One of the most common causes of delays in real estate transactions is the discovery and handling of a lien. Any recorded claim against a property – such as unpaid taxes – can be considered a lien. If the lien is tied to debt – like being behind on your mortgage payment – then the property a lien applies to is tied up until this debt is paid. The result can be difficulty selling or refinancing a home.
Though trying to understand liens can seem daunting, they are actually quite common in the real estate world. Several factors will determine how a lien can be handled, including the amount of the lien and the type of lien it is. In most cases, liens come from unpaid taxes, court judgments, or unpaid bills. For example, if a property owner misses a mortgage payment or owes a debt to a contractor, then a lien can be placed on the home.
The four most common types of liens on homes
The four most common types of liens on a home are:
- Mechanic’s lien. If a property owner has work down on their home and does not pay those who completed the work, then a mechanic’s lien can be filed against the property. Mechanic’s liens are most commonly filed by repair companies such as plumbers, painters, carpenters, and general contractors.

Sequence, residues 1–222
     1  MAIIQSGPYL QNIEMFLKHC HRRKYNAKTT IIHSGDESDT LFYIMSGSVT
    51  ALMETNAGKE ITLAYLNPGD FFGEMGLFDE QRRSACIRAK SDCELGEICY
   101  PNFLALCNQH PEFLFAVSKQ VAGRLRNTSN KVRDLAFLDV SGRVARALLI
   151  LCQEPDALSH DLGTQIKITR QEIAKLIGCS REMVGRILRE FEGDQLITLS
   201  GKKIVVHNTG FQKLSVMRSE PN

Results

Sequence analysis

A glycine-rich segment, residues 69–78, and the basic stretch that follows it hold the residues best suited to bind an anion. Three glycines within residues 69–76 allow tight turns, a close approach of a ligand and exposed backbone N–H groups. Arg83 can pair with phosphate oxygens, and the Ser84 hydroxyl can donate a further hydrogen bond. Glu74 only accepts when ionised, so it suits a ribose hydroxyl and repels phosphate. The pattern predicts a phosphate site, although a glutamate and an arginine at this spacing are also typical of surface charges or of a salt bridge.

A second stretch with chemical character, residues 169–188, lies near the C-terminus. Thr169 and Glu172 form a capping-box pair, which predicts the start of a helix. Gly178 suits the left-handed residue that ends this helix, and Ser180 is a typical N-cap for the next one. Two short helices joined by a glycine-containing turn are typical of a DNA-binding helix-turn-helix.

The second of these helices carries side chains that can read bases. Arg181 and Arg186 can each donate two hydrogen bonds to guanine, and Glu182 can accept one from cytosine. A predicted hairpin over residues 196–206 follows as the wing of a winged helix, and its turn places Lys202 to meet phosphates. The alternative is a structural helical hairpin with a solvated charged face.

- Judgment lien. If a homeowner is sued and loses the lawsuit, then the plaintiff in the lawsuit can file a judgment lien against the home. Judgment liens are also filed by attorneys for unpaid legal bills.
- Tax liens. If a homeowner does not pay their taxes, then the government can file a tax lien against the property. This can include federal, state, and local.
- Foreclosure lien. A foreclosure lien involves a lender filing a lien against a home due to the borrower not paying their mortgage. It is also known as a mortgage lien, property lien, or real estate lien. The foreclosure lien is a necessary step that allows the lender to move forward with a foreclosure and obtain legal possession of the property if the defaulted mortgage is not brought into good standing.
It is important to understand that liens are against the property itself – not the owner of the property. As a result, if a buyer takes on a home with an unsatisfied lien, then the lien becomes the responsibility of the new owner, making it very important to the buyer.
PropertyShark allows you to seamlessly research liens on all New York properties. Simply search for your targeted address, click the Owner tab on the full property report and scroll down to the Liens section, which will show an up to date record of all liens tied to the address, their type, amount, expiration date and more. Check out the example below: